GIS Day Q & A with Joseph Kerski


If you’ve ever had the
pleasure of meeting Joseph Kerski, Education Manager for ESRI, at a conference
or, better yet, in a hands-on classroom setting, you know that he is as dynamic,
passionate, and charming as he is adept at what he does.  We were thrilled when Joseph agreed to take a
moment out of his recent trip exploring GIS education in Taiwan to answer some of our questions
about geospatial technology and his work with ESRI.

Please tell us a bit
about what you do as Education Manager for ESRI.
What do you like best about your job?

As Education Manager, I am part of a team that focuses on
expanding the geographic perspective and spatial analysis through the use of
GIS technology and methods at all levels of education, both formal and
informal. I write GIS-based curriculum for a variety of disciplines and levels,
seek and support partnerships with organizations to advance GIS in education, conduct
online, face-to-face, and hands-on workshops and courses, provide technical and
pedagogical support for educators working with geospatial technology, and
conduct research in the effectiveness and implementation of GIS in
education.  What I like best about it all
is the opportunity to make a positive difference in the lives of thousands of
people annually, around the world.  Another
wonderful part of my job is the talented and dedicated people on our ESRI
Education Team that I serve with, and the fact that ESRI is so supportive of education.

How did you get to
your current position? I notice that you hold a PhD degree–is this in
geography? Education? Another related field?

After serving for 4 years as Geographer at the US Census
Bureau, 17 years as Geographer at the USGS, and as adjunct instructor at
several universities, the fine folks at ESRI convinced me that to join their
team would allow me to have a greater potential impact on society, as well as
allow for increased opportunity for personal and professional growth.  As I have 3 degrees–all in Geography, I guess
you would say I have a one track mind!
Actually, one could say that all geographers have a multi-track mind,

What trends have you
seen in the use of geospatial technology in the classroom in the last five
years? Ten years? What do you think classroom trends will look like into the

In the past 20 years, geospatial technologies have been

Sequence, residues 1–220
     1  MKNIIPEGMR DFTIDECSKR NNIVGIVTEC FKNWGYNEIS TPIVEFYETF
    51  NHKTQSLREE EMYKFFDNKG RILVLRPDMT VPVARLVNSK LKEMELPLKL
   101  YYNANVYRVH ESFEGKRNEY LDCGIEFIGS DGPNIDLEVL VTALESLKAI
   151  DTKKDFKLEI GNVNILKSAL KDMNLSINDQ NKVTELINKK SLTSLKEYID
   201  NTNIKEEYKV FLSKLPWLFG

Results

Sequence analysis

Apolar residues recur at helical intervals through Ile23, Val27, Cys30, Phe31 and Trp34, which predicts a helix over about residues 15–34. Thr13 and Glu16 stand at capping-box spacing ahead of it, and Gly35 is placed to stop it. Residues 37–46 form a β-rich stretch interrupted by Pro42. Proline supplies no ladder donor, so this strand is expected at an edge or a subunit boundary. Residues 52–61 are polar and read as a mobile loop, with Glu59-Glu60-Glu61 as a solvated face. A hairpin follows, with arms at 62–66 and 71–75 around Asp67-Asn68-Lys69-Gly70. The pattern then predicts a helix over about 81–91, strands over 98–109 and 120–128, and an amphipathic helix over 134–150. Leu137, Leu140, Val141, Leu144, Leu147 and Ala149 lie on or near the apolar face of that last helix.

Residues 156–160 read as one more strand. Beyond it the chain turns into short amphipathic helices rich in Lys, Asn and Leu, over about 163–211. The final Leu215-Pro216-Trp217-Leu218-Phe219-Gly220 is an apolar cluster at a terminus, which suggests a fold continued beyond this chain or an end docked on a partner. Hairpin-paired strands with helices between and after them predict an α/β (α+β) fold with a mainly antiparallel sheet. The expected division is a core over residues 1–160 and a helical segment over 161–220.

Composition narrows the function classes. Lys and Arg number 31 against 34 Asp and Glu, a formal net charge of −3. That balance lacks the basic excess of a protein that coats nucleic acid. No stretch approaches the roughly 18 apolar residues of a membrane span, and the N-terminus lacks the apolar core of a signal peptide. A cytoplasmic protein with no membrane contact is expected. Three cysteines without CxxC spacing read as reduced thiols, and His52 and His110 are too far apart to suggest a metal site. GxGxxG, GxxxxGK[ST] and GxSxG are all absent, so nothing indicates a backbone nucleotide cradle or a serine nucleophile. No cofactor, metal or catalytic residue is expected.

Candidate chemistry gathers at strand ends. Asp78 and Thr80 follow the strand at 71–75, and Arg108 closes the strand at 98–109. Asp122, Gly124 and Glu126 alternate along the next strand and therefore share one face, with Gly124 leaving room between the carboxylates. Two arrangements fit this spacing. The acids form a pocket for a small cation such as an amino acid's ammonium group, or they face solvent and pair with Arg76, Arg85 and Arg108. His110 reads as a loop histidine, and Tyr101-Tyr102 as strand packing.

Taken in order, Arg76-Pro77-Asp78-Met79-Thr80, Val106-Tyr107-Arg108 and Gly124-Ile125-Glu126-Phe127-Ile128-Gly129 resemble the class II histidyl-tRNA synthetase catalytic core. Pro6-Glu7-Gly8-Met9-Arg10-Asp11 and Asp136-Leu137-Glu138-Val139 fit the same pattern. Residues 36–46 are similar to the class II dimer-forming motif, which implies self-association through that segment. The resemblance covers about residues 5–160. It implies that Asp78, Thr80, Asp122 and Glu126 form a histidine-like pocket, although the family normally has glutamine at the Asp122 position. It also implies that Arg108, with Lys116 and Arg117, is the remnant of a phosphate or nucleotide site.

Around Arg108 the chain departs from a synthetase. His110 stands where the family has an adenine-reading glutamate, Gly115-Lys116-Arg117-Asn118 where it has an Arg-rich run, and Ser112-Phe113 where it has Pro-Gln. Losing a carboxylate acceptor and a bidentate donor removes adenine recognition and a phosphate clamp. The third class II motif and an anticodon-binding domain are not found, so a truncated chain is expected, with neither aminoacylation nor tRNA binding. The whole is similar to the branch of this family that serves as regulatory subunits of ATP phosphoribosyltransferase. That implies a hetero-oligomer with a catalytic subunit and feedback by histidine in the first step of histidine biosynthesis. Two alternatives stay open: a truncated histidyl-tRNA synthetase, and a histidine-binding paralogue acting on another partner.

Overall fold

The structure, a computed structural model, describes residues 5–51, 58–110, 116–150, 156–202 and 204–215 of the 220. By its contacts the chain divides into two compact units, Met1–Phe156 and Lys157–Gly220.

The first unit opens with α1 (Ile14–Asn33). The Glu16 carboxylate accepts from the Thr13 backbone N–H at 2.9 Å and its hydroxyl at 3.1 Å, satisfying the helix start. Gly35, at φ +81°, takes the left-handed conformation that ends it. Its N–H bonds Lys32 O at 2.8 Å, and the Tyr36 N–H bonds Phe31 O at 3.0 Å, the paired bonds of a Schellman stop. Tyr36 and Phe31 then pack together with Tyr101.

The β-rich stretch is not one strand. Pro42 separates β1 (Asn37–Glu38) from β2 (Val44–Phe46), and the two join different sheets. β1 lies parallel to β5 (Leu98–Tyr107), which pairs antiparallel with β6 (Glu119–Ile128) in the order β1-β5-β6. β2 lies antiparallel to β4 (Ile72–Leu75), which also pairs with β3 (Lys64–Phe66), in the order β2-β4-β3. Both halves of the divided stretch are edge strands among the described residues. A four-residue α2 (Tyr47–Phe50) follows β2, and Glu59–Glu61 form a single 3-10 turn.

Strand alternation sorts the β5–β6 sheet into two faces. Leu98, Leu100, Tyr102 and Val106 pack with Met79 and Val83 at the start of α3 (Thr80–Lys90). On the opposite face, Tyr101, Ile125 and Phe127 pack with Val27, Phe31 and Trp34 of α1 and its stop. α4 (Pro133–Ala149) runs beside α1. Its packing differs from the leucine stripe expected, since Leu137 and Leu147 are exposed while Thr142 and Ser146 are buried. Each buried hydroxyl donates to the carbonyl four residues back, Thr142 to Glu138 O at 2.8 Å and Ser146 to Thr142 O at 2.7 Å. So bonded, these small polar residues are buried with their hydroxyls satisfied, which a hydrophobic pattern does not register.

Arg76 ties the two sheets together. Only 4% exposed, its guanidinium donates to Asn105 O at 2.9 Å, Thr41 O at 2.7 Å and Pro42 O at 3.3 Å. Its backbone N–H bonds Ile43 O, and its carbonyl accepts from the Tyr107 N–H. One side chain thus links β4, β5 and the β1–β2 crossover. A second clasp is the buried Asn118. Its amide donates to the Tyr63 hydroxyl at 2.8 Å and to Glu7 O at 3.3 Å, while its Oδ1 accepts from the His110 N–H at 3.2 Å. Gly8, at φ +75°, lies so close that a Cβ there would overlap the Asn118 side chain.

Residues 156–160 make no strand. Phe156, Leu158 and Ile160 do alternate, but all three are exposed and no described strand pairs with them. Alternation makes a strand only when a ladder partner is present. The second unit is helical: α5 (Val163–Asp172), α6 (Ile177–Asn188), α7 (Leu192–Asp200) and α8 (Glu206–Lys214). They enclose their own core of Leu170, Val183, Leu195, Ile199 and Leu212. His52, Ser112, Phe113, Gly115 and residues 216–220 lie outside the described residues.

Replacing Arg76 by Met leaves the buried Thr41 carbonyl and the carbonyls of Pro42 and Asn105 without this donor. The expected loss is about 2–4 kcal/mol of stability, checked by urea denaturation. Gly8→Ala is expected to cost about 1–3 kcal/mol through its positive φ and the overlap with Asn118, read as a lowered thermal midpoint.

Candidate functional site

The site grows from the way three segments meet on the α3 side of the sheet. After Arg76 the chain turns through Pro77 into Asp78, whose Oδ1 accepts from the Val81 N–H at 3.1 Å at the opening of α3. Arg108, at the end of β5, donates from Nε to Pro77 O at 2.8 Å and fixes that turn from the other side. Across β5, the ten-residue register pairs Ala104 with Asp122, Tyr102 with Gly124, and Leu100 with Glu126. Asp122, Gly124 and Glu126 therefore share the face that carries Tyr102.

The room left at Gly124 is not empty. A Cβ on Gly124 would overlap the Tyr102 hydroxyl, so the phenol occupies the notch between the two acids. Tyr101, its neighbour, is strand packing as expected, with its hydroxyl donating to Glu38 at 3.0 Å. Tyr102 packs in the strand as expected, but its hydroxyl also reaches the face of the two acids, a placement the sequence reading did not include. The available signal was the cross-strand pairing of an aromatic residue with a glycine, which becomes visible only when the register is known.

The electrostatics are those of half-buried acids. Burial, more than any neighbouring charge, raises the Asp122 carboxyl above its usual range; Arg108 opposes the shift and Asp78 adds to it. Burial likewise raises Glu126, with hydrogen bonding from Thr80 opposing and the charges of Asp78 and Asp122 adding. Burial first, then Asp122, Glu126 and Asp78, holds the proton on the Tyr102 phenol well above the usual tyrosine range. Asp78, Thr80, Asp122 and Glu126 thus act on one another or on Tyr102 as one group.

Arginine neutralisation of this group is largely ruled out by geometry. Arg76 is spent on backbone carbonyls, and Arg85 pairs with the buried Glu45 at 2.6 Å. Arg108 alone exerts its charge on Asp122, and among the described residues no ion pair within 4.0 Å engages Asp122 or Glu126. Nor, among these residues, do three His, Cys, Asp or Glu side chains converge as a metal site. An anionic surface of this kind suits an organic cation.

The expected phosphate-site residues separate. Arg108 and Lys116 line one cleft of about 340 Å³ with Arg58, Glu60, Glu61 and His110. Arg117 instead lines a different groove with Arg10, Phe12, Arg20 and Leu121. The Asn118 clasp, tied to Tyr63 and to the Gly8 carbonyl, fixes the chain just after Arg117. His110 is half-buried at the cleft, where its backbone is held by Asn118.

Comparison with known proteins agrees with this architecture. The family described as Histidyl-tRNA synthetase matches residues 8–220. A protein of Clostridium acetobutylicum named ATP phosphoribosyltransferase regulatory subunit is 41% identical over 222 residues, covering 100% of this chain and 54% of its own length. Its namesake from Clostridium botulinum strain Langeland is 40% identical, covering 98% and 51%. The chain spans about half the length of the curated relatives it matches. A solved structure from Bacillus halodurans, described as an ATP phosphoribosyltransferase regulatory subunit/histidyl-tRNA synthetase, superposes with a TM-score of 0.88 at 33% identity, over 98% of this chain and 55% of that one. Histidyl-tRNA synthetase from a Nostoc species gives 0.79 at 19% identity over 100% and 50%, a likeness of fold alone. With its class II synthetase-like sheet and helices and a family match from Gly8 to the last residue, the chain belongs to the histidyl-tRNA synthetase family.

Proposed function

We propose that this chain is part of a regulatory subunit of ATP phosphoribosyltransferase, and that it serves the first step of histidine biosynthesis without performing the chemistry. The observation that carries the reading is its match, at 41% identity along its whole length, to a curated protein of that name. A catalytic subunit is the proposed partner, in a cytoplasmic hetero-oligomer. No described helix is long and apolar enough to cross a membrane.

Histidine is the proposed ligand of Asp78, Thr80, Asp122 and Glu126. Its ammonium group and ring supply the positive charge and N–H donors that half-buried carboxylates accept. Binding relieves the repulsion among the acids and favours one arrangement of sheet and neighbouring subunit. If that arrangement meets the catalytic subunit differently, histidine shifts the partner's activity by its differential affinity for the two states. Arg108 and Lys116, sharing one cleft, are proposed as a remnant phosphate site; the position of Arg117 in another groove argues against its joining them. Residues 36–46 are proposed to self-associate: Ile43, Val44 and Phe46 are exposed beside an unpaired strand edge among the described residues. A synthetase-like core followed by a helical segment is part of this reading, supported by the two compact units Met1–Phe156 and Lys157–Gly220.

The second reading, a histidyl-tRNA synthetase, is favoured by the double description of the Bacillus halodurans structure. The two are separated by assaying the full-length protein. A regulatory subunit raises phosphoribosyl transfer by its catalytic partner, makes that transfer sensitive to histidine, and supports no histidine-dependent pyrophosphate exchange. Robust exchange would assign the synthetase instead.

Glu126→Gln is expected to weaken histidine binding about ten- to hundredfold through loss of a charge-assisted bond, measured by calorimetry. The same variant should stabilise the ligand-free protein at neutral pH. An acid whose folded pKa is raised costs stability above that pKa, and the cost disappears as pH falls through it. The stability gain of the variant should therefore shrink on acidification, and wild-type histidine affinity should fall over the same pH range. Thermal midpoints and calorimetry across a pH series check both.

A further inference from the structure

affected by six trends that directly impact the classroom.  First, the software moved from something confined
largely to a mini- or mainframe computer to something that could be effectively
run on any computer.  Second, the software moved from a prompt requesting
user input to a series of graphical user interfaces and wizards that guide the
user through processes, and thus GIS software has become much more visual as
well as more user-friendly.  Indeed, some
GIS work can be done entirely with web-GIS portals on the Internet.  Third, because of the Internet, educators
using geotechnologies easily share what they are doing with others, access
spatial data sets without the need to transfer them via tapes, disks, and other
media, and collaborate with others to learn about the Earth and its people.  Fourth, geospatial technologies have gone mobile–on
your PDA, on your cell phone, in your car, and thus is becoming familiar to the
general public.  Fifth, the expansion of
GIS into more fields more rapidly than workers could be trained brought a focus
by the US Department of Labor on geotechnology education and subsequent funding
by NSF and others.  Sixth, a community of
educators who are passionate about teaching with GIS and teaching about GIS has
become a growing international community.
Each of these trends has hastened the use of GIS at all levels of education,
both formal and informal.  Because I see
GIS as “applied geography,” I believe that these trends have increased the
breadth and depth of geography being used in everyday decisions.  However, one only needs to look at the
deforestation and urban sprawl that continues on a daily basis to realize that
we still have a long way to go.  Still, I
have great hope for the future.

Can you tell us a
little about the educational value to students of creating maps, and how this
compares to the practice of interpreting maps?

I believe that the primary value of creating and
interpreting maps is to foster the geographic perspective.  Geography is not simply a body of content
knowledge, but provides a way of looking at the world.  I would argue that with the explosion of
mash-ups, GIS, and other tools that generate as many maps each day as we used
to produce in a decade, it is more important to understand how to interpret
maps than to create them.  We must
encourage students to become critical consumers of all information, including
maps, asking questions such as:  Who
created this map?  For what purpose was
it created?  What content is the map
showing, and what content is it leaving out?
What errors are inherent in the map?